Try something new. Pick your child up in his towel (let’s say he’s five or younger) and say something loving and distracting (“oh, you’re so snuggly after a bath”) as you walk to his room. Once there, shut the door(s) without saying anything and then help him get the pajamas on. If you need to, make up a story — this is our bear den — let’s be cozy here. Do you want two books or three? Let’s make this room our princess castle, here’s your princess nightie. ETC.

In other words, get your child to their room without making a big deal of it, shut the doors and don’t let them out.

But do it quietly. And subtly.

This way you reduce your child’s ability to run around wildly. The trip between the bathroom and the bed is obviously a hard one for your child and one that invites running! Removing the obstacles to their doing what you don’t like, in this case, means removing the temptation — and the ability — to run around

Or let’s say you don’t want your child to eat so much junk food.

Sorry — but you’re going to have to either hide the junk food you like or stop buying it all together. And don’t go to fast food places together either. If you want your child to stop eating so much junk, make it hard for them to find any!

These three principles WILL help — if you think about how to use them. They are not magic. They won’t make parenting a snap in five minutes as so many blogs promise you their advice will do — but they WILL help.

Thank you, Richard Thaler! The next book you write should be for parents!

Screen Time for Kids – AGAIN!!!!!!!

Screen time is one of the biggest headaches of parenting life these days. I’ve written about this before and I’m quite sure I’ll be writing about it again.

1. As Stuart Dredge says in The Medium Daily Digest, “This isn’t just about setting time limits. Screen time can be something creative and fun that we do together, rather than something my children do alone while I nag them to come out on a walk.”

Researchers from the Oxford Internet Institute and Cardiff University interviewed 20,000 parents with children between the ages of two and five regarding the online habits of their young children, and said “If anything, our findings suggest the broader family context, how parents set rules about digital screen time, and if they’re actively engaged in exploring the digital world together, are more important than the raw screen time.”

“Actively engaging in exploring the digital world together” can involve using devices WITH your children – whether playing online games or using educational software.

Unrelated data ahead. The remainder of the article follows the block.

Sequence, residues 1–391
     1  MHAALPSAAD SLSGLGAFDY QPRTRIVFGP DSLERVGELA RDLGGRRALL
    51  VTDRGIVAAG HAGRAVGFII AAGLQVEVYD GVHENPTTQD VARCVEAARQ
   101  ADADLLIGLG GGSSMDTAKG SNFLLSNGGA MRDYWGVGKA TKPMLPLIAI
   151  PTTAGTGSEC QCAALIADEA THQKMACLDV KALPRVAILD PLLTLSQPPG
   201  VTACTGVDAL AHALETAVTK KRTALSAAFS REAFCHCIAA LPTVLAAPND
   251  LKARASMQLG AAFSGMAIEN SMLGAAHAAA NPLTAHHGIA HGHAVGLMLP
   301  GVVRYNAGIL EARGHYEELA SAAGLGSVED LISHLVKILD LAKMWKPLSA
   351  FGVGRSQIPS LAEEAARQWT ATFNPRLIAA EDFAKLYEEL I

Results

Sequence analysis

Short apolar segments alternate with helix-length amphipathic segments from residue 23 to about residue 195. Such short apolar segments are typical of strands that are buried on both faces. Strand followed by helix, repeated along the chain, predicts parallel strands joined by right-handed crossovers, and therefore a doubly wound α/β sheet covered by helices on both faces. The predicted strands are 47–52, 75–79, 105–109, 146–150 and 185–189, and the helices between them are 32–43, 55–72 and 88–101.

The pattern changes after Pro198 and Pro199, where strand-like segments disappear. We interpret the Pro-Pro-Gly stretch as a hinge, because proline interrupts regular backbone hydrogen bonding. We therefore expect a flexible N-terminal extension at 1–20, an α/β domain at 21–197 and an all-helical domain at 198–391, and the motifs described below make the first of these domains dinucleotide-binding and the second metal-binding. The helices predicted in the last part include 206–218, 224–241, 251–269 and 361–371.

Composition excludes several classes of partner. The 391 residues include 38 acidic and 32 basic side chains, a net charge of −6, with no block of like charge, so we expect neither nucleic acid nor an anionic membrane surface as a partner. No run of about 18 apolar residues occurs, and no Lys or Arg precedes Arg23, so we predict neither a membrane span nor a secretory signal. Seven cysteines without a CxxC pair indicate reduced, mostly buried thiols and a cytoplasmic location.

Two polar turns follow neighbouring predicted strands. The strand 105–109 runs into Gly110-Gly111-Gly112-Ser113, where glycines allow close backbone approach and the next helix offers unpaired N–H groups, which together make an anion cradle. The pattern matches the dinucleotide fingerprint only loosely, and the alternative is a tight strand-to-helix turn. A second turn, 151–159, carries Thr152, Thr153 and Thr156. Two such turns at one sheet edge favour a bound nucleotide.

But this is hard. It means not always using computer time for your child as time that you as a parent can get other things done.

But perhaps it’s also more realistic than just setting draconian limits on screen time. Our children live in a digital world.  They were born into a digital world.  That’s why they are sometimes called “digital natives”.  And that is why they NEED to learn how to use devices but also learn how to LIMIT THEIR OWN USE OF DEVICES.

This is where parents come in. Using devices WITH your children and then demonstrating when it is time to take a break to eat or to get outside and ride a bike is a way to model good digital/online habits. 

What our children really need to learn in the long run is ONLINE SELF REGULATION.

Parents can also have their kids show them their favorite Youtube channels. You don’t have to do this every day – but perhaps once a week each child in your family could get a chance to show you what they like. In my house we do that at the dinner table. You may prefer to do it at another time – perhaps on a weekend when you have more time. But this way you can see what they are watching (or at least SOME of it) and engage with them about it.

2. Screens are not a good idea just before bedtime.  Multiple studies have demonstrated the harmful effects of blue light on sleep.  Moreover, the content of what kids are watching/doing/playing may be exciting or overstimulating and these feelings in and of themselves can interfere with sleep. This goes for instant messaging and Facetiming too!

3. If your child is getting angry or acting out when you tell them it is time to get off the screen, this is a sign that they need more help from you – not more punishments. This is happening in every home – and there’s a reason.  Online activities are so pleasurable, they are hard to stop.  And they are especially hard to stop when your child is right in the middle of something.  

– Try to talk with them about stopping when they finish a game or a video…even if they have 3 minutes of time left.  Talk to them about how much easier it is to stop when you have completed something than when you are right in the middle. Offer to apply the 3 minutes to their next screen time.
– Try giving a 10 minute and a 5 minute warning when they have limited time left to use the screen.
– If this doesn’t work, try sitting with them for the last 5 minutes and turning the game/activity off FOR them at the end.  They will hate this.  They may throw a tantrum.  But the next time they need to stop and you come over to sit with them, they may get off when it’s time!